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How Gracie Otto Won Over A Generation And Caught The Eye Of Dolly Parton

"My worry was not with the show, but with how fast the conversation changes."

Gracie Otto’s life is a movie. After wrapping her latest project, The Clearing alongside her sister Miranda Otto, the award-winning Australian actor and director has been busy sifting through the family archives for her new documentary on her dad, Otto on Otto. As I dial into my call with Otto, she explains, in between breaths on the hike up to her Fitzroy residence, that her Melbourne apartment has been transformed into a film studio.

“The cast of Love Me had to shoot a scene, so I think they’re in my apartment. I told them they could use my place as a green room for the day. So, I’m probably about to walk into 150 crew members inside.”

Blurring the boundaries between work and life might seem like the antithesis to a new age of ‘quiet quitting’, but Otto wouldn’t have it any other way.

“I love being on set. When you’re use to working with 150 people a day, suddenly being by yourself can be a bit of a downer.”

Luckily for Otto, this year hasn’t afforded much downtime. After the global success of Heartbreak High (the show received eight AACTA nominations, including Otto for best director), Otto debuted the first feature film under her production company Dollhouse Pictures, Seriously Red.

Sitting down with marie claire, the film-maker reflects on the making of mega hit, receiving a shout out from Dolly Parton and working with family.

Marie Claire: Congratulations on Seriously Red! Tell me how the idea came about.

Gracie Otto: Krew [Boylan] wrote the script a few years ago and we always knew we wanted it to be our first big project from Dollhouse (an all-female production company founded by Otto, Rose Byrne, Krew Boylan, Jess Carrera and Shannon Murphy). Initially, I wasn’t involved in the film, I was more of a cheerleader, but during lockdown I was asked how I felt about directing. I had just completed a music documentary, so directing a musical comedy just felt right. When I first read the script, I thought it was so original and uniquely Australian and quirky and colourful.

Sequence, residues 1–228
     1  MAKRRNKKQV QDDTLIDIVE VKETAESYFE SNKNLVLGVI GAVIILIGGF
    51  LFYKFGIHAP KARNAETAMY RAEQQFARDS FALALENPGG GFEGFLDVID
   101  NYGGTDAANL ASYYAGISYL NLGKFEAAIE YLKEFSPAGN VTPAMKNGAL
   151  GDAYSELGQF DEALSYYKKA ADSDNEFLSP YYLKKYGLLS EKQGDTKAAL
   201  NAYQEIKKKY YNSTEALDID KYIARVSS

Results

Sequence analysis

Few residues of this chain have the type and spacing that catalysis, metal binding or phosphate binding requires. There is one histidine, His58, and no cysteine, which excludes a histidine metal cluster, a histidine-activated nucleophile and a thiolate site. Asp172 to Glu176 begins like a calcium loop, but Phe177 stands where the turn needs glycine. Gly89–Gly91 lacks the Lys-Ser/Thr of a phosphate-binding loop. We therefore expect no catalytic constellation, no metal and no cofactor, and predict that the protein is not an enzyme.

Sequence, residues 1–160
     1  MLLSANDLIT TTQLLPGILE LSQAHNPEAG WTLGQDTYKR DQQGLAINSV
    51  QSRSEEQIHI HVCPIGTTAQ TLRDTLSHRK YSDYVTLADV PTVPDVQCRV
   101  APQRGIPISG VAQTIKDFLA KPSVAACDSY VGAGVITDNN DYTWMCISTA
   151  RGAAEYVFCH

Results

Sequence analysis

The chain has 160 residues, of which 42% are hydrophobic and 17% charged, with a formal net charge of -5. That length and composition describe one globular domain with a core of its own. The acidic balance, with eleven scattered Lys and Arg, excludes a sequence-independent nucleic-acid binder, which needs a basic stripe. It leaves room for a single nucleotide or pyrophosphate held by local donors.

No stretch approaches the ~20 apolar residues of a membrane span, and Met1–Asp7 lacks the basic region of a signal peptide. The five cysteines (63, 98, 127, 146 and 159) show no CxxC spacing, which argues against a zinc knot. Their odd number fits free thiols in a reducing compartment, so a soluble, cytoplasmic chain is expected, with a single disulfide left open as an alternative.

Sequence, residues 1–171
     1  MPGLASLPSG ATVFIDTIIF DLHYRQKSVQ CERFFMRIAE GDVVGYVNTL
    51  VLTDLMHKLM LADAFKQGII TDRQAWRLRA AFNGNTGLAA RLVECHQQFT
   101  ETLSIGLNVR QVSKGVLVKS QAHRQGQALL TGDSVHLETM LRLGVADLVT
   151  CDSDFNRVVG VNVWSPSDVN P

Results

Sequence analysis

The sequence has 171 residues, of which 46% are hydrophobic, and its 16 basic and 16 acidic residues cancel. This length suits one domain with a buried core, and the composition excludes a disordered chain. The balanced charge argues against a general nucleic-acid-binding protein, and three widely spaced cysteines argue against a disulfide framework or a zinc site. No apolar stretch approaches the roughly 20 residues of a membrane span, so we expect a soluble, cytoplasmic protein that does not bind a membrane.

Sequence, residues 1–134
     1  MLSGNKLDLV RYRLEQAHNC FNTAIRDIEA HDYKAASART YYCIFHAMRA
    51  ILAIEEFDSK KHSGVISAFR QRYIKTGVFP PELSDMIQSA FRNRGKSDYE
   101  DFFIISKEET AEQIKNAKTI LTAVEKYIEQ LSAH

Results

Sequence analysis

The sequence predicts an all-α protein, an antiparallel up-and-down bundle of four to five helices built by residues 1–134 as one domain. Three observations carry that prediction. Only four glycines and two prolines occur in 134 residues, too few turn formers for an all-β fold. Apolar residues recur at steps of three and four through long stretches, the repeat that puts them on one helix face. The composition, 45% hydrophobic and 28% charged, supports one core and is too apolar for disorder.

MC: Aside from being a hilarious and important lesson in living authentically, the film is also an ode to the queen of country, Dolly Parton. What did you learn about Dolly through the process?

GO: I worked as an associate producer on the Whitney Houston documentary back in 2018. Part of my job on that was to go through and watch all the archived interviews. Dolly wrote Whitney’s song ‘I Will Always Love You’, so I knew a bit about her through her music and the scope of her work, but I definitely became a big Dolly Parton fan through the process of creating Seriously Red. When I started directing the film, I would walk around the park listening to a Podcast called ‘The United States of Dolly Parton,’ where this university studies her as a subject.

Seriously Red
From left: Gracie Otto, Jess Carrera, Krew Boylan and Rose Byrne. (Credit: Getty)

MC: Dolly tweeted ‘I just loved #SeriouslyRed! The film is a wonderful tribute to being the best version of yourself.’ What was that moment like?

GO: It was surreal. We were on a bus headed to the Seriously Red premiere in Texas. And Jess (Carrera) burst into tears and said, ‘Oh, my god, Dolly just tweeted!’ Moments later we were on the red carpet. It was crazy.

MC: How incredible to get the green light from Dolly right before the film’s first screening.